Highly Recommended. If there’s a more delightful modern animated flick out there, I’d like to see it, because Ponyo is currently the claimant to the crown.  It’s so magically delicious, and it broadcasts that joy to audiences of all ages.  It’s not the animation that Americans are most used to, but that doesn’t mean we can’t be open-minded, and that doesn’t mean that some other form can’t be just as great as what comes out of the studios that we’re used to.  The music is something that stands out as well, a common theme woven through a soundtrack that will live in your brain for days, but you won’t want it to leave.  The video is amazing, the audio spectacular, and the extras more than numerous, so the technical aspects live up to the content.  For my money, this is one of Ghibli’s best, something for every age group, and a film that will simply brighten your day.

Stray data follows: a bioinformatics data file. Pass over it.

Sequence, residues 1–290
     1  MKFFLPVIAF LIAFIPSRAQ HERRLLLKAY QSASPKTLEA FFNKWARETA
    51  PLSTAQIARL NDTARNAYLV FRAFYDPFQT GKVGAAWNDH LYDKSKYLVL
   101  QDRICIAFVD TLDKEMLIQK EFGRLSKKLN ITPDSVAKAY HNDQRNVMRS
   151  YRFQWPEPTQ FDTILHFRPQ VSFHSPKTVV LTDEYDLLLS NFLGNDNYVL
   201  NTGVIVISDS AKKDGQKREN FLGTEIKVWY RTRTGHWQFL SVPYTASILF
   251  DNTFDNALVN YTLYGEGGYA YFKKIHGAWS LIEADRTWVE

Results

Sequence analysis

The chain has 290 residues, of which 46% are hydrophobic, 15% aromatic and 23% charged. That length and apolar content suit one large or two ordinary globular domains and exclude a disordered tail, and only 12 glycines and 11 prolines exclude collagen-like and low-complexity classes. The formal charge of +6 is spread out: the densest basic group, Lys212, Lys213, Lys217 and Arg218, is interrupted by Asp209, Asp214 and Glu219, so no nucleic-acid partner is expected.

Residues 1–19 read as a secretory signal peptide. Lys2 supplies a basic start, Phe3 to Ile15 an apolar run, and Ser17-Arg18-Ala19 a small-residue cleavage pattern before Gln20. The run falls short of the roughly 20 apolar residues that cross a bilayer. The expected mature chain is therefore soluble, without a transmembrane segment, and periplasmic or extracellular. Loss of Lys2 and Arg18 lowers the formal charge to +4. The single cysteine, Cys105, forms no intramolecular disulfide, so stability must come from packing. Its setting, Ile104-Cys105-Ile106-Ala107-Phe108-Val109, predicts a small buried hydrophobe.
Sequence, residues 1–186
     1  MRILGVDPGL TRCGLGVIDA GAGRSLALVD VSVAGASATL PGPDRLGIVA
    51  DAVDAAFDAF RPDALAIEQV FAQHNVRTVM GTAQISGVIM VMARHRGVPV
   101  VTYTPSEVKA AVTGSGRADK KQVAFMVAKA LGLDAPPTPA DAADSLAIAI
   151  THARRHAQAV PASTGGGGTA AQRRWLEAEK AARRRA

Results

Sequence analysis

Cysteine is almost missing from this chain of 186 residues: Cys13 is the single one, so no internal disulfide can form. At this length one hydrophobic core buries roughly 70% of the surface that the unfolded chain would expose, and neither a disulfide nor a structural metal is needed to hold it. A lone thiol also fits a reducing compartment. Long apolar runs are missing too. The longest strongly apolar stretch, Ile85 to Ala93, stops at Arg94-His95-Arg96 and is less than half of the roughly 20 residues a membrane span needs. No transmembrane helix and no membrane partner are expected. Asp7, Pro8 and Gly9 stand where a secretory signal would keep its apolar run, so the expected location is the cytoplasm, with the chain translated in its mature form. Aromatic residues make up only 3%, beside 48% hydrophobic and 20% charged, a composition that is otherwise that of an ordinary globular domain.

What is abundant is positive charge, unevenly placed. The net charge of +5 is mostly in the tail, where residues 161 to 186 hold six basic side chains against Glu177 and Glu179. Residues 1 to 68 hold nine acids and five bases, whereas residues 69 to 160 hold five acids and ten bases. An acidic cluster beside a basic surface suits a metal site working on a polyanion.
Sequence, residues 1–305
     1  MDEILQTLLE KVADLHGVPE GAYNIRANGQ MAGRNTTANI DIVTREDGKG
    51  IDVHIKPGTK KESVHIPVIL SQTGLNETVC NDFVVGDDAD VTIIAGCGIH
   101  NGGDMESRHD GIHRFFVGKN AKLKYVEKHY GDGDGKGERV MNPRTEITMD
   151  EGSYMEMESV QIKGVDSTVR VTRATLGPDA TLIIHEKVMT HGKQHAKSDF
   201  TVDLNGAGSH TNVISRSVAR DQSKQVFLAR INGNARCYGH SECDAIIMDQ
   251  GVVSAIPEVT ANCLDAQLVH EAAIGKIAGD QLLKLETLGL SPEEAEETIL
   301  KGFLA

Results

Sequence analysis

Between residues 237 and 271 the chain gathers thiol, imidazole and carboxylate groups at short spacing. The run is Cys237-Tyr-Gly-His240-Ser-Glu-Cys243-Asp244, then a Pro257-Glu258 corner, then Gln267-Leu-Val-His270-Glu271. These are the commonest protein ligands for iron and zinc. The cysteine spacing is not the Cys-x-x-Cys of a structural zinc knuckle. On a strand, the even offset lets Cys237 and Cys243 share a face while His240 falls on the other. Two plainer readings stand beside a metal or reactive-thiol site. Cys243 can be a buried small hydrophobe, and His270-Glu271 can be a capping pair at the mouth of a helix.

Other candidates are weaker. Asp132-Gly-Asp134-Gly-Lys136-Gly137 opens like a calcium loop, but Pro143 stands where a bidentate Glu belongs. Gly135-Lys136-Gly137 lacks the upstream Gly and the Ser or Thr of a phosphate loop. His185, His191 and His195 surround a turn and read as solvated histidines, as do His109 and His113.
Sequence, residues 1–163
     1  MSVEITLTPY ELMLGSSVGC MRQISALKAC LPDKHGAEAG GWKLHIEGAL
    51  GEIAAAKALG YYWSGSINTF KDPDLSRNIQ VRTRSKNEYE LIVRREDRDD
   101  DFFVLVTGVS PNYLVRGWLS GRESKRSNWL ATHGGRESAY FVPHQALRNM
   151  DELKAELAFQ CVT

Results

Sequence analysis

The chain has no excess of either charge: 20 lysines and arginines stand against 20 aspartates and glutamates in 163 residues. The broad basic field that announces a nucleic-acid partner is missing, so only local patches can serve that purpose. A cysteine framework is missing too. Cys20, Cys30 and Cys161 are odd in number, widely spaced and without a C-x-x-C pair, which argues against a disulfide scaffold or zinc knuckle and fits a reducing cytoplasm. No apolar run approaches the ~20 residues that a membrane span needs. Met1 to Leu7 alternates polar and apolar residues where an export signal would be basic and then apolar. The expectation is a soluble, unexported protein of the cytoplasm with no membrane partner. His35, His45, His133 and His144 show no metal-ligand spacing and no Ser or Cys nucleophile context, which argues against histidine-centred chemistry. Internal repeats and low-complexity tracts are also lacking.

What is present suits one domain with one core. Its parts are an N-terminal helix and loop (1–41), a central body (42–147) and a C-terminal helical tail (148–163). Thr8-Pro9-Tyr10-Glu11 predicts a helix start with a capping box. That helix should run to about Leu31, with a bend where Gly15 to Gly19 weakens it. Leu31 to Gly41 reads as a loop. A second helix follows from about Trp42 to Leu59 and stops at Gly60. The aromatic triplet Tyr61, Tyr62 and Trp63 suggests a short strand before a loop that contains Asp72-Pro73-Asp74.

☆ ☆ ☆ ☆ – Content

☆ ☆ ☆ ☆ ☆ – Video

☆ ☆ ☆ ☆ – Audio

☆ ☆ ☆ ☆ – Extras

☆ ☆ ☆ ☆ – Replay

 

 

Save

Save

Save

Save

Save

Save

Save

Save

Save

Save


  • 0

Movie Review – Blade Runner 2049

Category : Movie Review

Director: Denis Villeneuve

Starring: Ryan Gosling, Harrison Ford, Ana de Armas

Year: 2017